Social scientists often state that research undertaken today serves as a base line for the research of tomorrow. In reaching such a conclusion, they assume that the data on which they base their study exists independently from their training and orientation. This empirical approach provides much useful data. However, it also contains a potential pitfall in that social or ethnographic 'facts,' are always embedded in the particular perspectives of academic disciplines and the larger world view characteristic of a society at a given time. Almost a century ago, Bronislaw Malinowski, one of anthropology's historic figures, recognized part of the difficulty when he wrote:
A field ethnographer has to describe facts in their essential aspects; and that means to select. And selection implies the possession of theoretical principles of classification - defined criteria as to what is essential and what is not."
But it took Thomas Kuhn's 1962 book, The Structure of Scientific Revolutions, to pinpoint the crux of the problem. In this highly respected work, Kuhn demonstrated that once scientists accept the same paradigm [a theoretical model for research], they tend to share common assumptions about the world, think in similar ways, and undertake similar kinds of research. Trained to observe selectively, they may systematically overlook other aspects of the problem that fail to conform to their expectations; and in so doing, limit the exploration of alternative interpretations leading to potential breakthroughs.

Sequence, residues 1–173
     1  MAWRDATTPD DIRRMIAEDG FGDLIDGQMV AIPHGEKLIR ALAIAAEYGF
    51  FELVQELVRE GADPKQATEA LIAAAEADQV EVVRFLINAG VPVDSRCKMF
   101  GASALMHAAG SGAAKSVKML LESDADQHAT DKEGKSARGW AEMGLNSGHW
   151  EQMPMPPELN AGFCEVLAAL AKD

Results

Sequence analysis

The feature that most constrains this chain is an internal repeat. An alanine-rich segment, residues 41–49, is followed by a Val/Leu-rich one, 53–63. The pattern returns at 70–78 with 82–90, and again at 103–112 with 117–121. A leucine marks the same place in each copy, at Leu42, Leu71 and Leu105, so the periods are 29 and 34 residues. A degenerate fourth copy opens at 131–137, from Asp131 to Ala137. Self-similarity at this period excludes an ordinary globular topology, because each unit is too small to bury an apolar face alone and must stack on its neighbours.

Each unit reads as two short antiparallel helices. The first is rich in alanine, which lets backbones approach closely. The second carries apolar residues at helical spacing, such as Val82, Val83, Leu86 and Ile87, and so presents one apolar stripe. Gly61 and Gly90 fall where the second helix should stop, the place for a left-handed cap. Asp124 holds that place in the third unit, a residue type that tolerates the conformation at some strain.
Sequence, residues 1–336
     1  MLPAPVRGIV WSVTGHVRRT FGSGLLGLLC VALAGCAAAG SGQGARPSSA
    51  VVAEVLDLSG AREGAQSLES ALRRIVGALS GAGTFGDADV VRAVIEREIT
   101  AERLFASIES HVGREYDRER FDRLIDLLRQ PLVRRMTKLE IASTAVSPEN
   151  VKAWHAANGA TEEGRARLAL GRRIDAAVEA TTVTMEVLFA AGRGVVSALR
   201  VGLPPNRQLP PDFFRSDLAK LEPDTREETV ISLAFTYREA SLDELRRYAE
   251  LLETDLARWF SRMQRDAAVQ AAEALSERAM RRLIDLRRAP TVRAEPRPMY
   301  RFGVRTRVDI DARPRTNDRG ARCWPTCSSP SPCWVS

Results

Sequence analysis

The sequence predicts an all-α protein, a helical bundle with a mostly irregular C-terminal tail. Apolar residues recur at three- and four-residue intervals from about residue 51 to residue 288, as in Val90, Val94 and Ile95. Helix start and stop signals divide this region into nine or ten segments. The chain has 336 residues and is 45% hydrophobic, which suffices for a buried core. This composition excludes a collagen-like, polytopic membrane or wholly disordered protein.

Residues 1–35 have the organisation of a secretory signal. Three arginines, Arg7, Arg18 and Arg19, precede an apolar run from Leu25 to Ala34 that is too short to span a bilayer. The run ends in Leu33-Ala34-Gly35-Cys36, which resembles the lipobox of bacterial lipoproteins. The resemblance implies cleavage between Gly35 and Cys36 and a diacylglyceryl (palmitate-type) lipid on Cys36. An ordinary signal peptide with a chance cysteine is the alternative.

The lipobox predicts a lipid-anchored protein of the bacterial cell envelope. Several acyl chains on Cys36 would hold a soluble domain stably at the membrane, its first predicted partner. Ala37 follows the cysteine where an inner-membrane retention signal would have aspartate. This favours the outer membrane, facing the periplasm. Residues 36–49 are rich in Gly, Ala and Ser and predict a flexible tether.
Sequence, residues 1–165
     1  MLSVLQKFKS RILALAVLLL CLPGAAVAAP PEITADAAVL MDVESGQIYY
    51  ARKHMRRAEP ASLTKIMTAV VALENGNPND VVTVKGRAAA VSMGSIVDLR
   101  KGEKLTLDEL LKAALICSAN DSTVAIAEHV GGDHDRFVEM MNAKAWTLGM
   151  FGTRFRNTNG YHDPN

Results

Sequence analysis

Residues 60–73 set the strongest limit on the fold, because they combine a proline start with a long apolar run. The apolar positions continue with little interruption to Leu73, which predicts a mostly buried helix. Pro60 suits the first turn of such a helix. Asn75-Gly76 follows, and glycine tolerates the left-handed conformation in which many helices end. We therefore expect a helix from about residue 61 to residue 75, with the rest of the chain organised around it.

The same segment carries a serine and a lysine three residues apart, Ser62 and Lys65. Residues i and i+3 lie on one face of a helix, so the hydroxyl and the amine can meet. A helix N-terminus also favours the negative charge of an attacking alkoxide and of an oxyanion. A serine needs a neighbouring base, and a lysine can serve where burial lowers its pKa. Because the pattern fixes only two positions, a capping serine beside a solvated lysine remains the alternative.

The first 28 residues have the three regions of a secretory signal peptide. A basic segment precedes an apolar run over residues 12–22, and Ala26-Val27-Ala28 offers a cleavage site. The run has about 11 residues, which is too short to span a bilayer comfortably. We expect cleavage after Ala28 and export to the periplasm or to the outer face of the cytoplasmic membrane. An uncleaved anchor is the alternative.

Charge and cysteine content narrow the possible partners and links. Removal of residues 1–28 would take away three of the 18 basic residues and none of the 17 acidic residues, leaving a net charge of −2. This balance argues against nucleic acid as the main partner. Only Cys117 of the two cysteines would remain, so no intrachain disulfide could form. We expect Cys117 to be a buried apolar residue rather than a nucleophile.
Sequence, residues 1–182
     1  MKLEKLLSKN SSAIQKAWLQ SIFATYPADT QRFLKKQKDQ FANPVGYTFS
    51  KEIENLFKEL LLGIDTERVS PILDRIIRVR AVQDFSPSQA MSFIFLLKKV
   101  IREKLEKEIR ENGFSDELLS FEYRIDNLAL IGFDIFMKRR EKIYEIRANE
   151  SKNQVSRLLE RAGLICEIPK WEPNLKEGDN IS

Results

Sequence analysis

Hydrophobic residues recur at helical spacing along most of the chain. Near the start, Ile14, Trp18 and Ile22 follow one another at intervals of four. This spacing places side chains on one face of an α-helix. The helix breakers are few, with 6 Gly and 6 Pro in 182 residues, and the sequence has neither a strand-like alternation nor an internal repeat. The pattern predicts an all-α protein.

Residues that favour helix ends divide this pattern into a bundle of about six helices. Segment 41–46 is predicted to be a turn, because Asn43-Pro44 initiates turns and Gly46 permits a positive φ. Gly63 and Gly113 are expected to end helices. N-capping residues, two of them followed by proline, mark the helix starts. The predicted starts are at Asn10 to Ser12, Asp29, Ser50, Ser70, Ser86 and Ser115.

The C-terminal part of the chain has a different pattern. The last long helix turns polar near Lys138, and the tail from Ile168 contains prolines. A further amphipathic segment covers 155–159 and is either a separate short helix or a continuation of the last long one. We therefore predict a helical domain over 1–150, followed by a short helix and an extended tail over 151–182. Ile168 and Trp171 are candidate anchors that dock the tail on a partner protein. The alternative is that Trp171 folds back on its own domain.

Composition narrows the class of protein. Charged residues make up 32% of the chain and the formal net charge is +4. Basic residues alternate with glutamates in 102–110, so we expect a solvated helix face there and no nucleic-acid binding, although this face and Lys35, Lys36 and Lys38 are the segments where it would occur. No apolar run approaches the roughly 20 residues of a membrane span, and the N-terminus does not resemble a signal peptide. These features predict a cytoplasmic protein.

Theories are not only influenced by an investigator's approach to a given topic. Historical conditions and understandings also intervene. In the colonial era, governments sought ethnographic information from anthropologists and geographers to enhance con trol of their regions of dominance. A more recent Arctic illustration from the Cold War occurred in the 1950s when the U.S. Atomic Energy Commission initiated Project Chariot, an exercise in "geographical engineering" in which a series of powerful atomic explosions would be used to blast out a harbor along the coast of Northwest Alaska near the Iņupiat Eskimo village of Point Hope. The social science phase included a human geographical analysis of the proposed impact of these explosions on the lives of the Point Hope residents - none of whom were informed about the project until it was well underway.